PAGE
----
A counterpart of American cartoons, it offers a most interesting point of view in the history of animation.
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8/10
The Soviet Era Classic
denis88825 September 2006
If you lived in the former Soviet Union and were a child, the this cartoon series, Nu Pogodi - Just You Wait - is a vivid and the brightest recollection of that time. Please, do not take it so seriously. Surely, this is a carbon copy of Tom & Jerry series, with Wolf and Hare taking their places. Surely, there are far too many cases of open violence and poor Wolf's mishaps. But, this is just a lightweight entertaining for kids, just a brisk breezy show biz work. Music is all the time very good. The sample selection is so fitting and precise that almost all Russians who ever saw a single episode of this cartoon will immediately associate this or that melody with this work only. Good, funny and light work.
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Great cartoon for all ages!
ani_td@yahoo.com13 February 2005
As a native Russian who hasn't seen the series since childhood, I recently bought a DVD of all 18 episodes. I am happy to note that the cartoon remained exactly as I recall it - smart, funny, well animated, and even the Soviet-era themes felt fresh in that retro-modern way. I showed it to some of my friends, and they found it hilarious and not hard to understand at all. I admit that a bit of humour is always added through the lyrics of the pop-songs, which could be lost on a non-native speaker. The content of the series is also closer to the Tom and Jerry cartoons (Roadrunner??? Are you kidding me?), but smarter. I would highly recommend it to anyone as an example of fine and original film-making.
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10/10
Nu Pogodi Is A MUST WATCH!
matthew-shats16 August 2014
Warning: Spoilers
There is not much to be said about this series, it is just great all around, some may say it is a Russian version of Tom and Jerry but these series are completely different, just because there are two characters that want to kill each other doesn't mean that its the same. The first time I saw this TV show is when I was about 5 years old, 18 year s old now and I can still laugh at episode 1 even with its "old fashioned" jokes. I would suggest that if you're interested in watching this series, stopping at the 18th episode because I personally think that the series went down hill from there, I only recently found out about a new episode made in 2006 and I felt that they tried to take the glory of the 1969 series and make it funny but new. Yeah they failed. Overall I think you would be an idiot to miss an opportunity to watch this amazing series.
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Funny + Violent = I Love it
edlanda5 February 2006
Warning: Spoilers
My family speaks Russian, So I have no problems understanding this movie. For those who don't know Russian, let me tell you what this cartoon is about. This cartoon is about a Volk (in English, wolf) that always chases this Zayits (in English, bunny) and they always get into wacky, hilarious adventure. In one episode the wolf chases the bunny into the hall of mirrors. The bunny shuts the lights and the wolf smashes all the mirrors looking for the bunny. Then he finds his ears, but as the lights are turned on he realized that he accidentally grabbed the angry manager. The manager throws him out. That left me laughing like crazy. If you love Russian comedy style movies, then watch "Nu Pogodi!" (1969).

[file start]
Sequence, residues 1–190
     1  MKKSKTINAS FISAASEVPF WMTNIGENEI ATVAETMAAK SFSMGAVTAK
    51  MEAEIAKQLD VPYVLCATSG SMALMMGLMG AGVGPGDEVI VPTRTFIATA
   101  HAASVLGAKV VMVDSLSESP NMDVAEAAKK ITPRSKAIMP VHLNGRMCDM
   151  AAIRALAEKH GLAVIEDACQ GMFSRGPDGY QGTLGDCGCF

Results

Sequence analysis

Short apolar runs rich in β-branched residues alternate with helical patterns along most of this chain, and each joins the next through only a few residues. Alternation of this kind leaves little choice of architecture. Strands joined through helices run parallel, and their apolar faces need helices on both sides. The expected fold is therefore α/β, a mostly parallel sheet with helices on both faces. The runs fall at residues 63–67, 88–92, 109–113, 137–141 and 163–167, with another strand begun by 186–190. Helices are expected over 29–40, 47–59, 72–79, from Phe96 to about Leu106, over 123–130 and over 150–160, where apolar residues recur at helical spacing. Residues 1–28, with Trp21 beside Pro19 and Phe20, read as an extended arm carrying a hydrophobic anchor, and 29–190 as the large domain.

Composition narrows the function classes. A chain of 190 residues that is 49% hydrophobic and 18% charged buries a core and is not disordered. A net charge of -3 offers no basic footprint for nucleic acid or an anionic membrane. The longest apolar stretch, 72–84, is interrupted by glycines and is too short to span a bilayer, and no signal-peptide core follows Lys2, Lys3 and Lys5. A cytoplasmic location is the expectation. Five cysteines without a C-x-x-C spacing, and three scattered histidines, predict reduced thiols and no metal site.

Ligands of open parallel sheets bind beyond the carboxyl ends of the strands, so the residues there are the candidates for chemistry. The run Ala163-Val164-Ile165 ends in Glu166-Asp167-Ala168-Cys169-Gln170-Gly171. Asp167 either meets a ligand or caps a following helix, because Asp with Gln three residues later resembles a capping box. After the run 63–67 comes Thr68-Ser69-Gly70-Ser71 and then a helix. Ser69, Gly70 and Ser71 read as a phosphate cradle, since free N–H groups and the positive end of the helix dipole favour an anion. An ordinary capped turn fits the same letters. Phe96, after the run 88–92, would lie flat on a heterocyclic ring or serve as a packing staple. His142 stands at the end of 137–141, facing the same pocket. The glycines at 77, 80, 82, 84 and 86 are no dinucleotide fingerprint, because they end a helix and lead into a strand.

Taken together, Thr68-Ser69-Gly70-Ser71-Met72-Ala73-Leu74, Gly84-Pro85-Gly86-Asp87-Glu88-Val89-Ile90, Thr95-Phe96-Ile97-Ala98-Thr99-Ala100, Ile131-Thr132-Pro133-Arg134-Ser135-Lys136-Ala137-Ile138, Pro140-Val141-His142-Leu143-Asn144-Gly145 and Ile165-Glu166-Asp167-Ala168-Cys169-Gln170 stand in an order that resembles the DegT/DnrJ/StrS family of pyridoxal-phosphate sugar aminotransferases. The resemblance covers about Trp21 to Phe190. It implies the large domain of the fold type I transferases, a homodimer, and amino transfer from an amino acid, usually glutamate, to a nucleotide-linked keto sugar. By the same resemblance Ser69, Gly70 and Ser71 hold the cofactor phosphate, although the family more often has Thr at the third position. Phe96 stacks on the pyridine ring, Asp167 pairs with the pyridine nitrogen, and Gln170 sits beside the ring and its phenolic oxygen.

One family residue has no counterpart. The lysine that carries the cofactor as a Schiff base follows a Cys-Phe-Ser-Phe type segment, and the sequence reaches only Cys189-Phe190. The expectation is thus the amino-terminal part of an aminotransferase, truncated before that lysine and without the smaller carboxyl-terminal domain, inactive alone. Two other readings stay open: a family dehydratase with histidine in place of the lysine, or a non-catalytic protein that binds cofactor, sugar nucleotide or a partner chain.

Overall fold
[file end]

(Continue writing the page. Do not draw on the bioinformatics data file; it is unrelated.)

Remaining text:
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7/10
One of the best cartoons of the Soviet Union, even the best.
jack_o_hasanov_imdb9 August 2021
One of the best cartoons of the Soviet Union, even the best.

My childhood was fun with "Tom and Jerry" and "Nu Pogodi".

We were happy when we heard the song "Cip Cip Cucelerim", which was a song in Azerbaijani language and was known to everyone at that time.
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2/10
A very primitive, agonizingly slow Roadrunner facsimile
titov19 May 2003
Warning: Spoilers
How exactly the "Nu, pogodi!" series has retained any following at all in the age of universal cassette access remains a mystery. It would seem a foregone conclusion that if you take a Roadrunner cartoon-- *any* Roadrunner cartoon-- and show it to a devotee of the "Nu, pogodi!" films, some sort of Dramatic Epiphany will take place before your eyes ("So *this* is what they were trying to do!").

But perhaps we're actually talking about two different phenomena altogether. For although both series feature exactly the same continuing "plot" throughout all episodes (big bad animal chases smaller, cleverer/luckier good animal), the difference in the execution of this concept could not be more marked: the Pogodi series is amateurishly drawn, animated in haphazard and ill-connected sequences, and moves at a pace that could only engage a very early pre-schooler. Which may be the key to its puzzling popularity, one thinks-- hey, who doesn't remember one's early cartoons fondly?-- until one recalls that Soviets of *all ages* loved (as do many Russians *now*) this meandering, lumpy and almost entirely wit-free series. The considerable acting skills of Anatolii Papanov-- a genuine star of the Soviet cinema-- are squandered altogether on the wolf's voice, as the character is never given a clever line to deliver.

Again, pick a Roadrunner cartoon, *any* Roadrunner cartoon: within 30 seconds the viewer is involved with and amused by Wile E. Coyote in ways that the well-intentioned creators of "Nu, pogodi!" simply could not conceive of. The Soviet series is not a *bad* cartoon, in the sense that it is actively harmful. It is simply inert.